I’m warning you ahead of time…this post may be a bit sloppy and all over the place (kinda like my sex life when I was younger) as I’m still trying to grapple with my thoughts behind it. Ok…here we go.
As most of you probably know, May is Celiac Awareness Month and lots of bloggers are doing their best to get the word out about our wonderful little autoimmune disease. Not only my fellow bloggers, but the large celiac organizations are also trying to create awareness. All good, right?
Then yesterday I saw the following tweet:
— Brianna Wolin (@breezygfreezy) May 9, 2019
My interest being peaked, I reached out to Brianna and asked what’s going on (like Marvin Gaye, but not nearly as cool). Here’s what’s going on.
Recently, the following organizations joined forces for a new celiac awareness campaign:
- Celiac Disease Foundation (who block me on Twitter?!)
- Beyond Celiac
- Gluten Intolerance Group
- Canadian Celiac Association
- National Celiac Association
What’s the campaign you say? Good question. I’ll let Beyond Celiac explain it.
And here is one of the videos:
The other two videos are the same idea. Putting ungodly dangerous items in food to show…to show…to show…I’m not sure really. All I know is that something didn’t sit right. So I reached out privately to Beyond Celiac and here’s how the brief conversation went:
A few thoughts (cause don’t I always??):
- Hill Holiday? Hill Holiday?? Why does that name sound familiar? Oh yeah…they were the creative geniuses behind the insidious Party City Super Bowl Ad where they called gluten-free people “gross”. Refresh your memory here. I suppose they are looking to make amends. Of course the CDF (who seriously block me on Twitter?!) couldn’t say enough nice things about them, saying they “are deeply appreciative of Hill Holliday’s outstanding efforts to help people understand what celiac disease sufferers face every day.”
- I get what they were trying to accomplish; providing shock value to drill home the point that food can be dangerous to those with celiac disease.
- This is nothing against any of the organizations involved, except of course Hill Holiday and the CDF (no really…they BLOCK me on Twitter).
- It was not well received by many on Twitter. Other advocates have called it “ridiculous”, “alarming”, “horrifying to children”, “a wasted opportunity”, “hateful” “the worst thought out campaign I’ve ever seen”, and “fear based”. And these are from advocates I respect. One advocate even said: “My kids watched the videos and my youngest spouted ‘What’s wrong with them? How stupid!'”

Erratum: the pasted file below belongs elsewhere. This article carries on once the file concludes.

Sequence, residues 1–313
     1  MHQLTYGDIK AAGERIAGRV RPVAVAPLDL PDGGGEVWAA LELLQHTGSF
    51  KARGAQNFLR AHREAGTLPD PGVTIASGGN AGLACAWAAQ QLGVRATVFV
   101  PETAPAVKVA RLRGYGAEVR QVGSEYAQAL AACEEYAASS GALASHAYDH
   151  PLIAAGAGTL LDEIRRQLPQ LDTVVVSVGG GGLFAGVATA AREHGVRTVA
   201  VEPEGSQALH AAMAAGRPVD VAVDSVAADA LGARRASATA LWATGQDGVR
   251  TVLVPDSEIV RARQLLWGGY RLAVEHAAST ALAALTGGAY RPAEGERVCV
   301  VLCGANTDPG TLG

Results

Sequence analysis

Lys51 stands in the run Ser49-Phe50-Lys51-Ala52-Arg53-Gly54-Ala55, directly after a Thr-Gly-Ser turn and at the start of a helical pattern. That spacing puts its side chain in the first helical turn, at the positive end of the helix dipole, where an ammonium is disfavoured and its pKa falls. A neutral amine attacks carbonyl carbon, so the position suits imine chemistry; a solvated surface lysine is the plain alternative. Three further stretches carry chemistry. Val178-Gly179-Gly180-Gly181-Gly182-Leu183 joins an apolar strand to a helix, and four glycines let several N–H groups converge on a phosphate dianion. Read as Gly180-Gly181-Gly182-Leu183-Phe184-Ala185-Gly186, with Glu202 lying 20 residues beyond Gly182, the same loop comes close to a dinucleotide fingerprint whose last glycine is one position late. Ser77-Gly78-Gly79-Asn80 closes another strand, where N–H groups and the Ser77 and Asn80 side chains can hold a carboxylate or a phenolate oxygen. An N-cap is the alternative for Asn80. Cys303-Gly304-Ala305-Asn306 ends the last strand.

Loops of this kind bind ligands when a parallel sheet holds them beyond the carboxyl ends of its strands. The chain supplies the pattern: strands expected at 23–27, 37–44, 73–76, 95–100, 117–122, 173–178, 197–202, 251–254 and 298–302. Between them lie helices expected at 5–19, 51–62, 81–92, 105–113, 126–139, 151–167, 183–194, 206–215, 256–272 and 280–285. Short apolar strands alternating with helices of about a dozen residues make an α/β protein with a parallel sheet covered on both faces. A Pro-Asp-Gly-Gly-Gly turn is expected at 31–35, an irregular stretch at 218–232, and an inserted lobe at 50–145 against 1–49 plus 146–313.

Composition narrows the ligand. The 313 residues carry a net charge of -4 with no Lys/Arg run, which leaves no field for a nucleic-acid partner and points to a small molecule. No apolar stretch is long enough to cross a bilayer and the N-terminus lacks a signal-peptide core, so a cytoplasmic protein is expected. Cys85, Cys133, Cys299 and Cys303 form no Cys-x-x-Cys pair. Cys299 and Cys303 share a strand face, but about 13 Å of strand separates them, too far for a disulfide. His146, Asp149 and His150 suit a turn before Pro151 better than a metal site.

- To be fair, it was well-received by others that I saw on Facebook, calling it “spot on”, “so true” and an “accurate illustration of a celiac’s suffering”.
- Part of the campaign includes opening up a pop-up bakery in Boston’s busiest train station. Cupcake flavors like Razor Blade Bliss, Chocolate Thumbtack Surprise, Vanilla Rusty Nail Crunch, will be on display to “first surprise and then educate passersby.”
So what’s my take? (By the way…if you’re still with me, god bless you. I told you I’d be all over the place on this one.) I think it sends the wrong message. Do we need to be diligent? Yep. Do we need to take precautions? Absolutely. Should we live in fear? NOOOOOOOOO.
There is an unbelievable amount of fear-mongering online. “You can’t have this” and “you should stay away from that”. Some of it is accurate. Some of it is complete BS. Stick with the facts. Do not live your life afraid to do things simply because of GLUTEN. No matter what people say, it’s NOT everywhere and you CAN lead a normal life (with a few adjustments). I personally embrace food. I’m certainly not afraid of it.
Again…I get the intention. I just don’t think scaring the crap out of people is the answer. Would you want to get diagnosed with celiac after seeing these videos?
That’s my two cents. I’d love to hear from you, including the associations who put the campaign together. Except the CDF. Why? Because they BLOCK me?!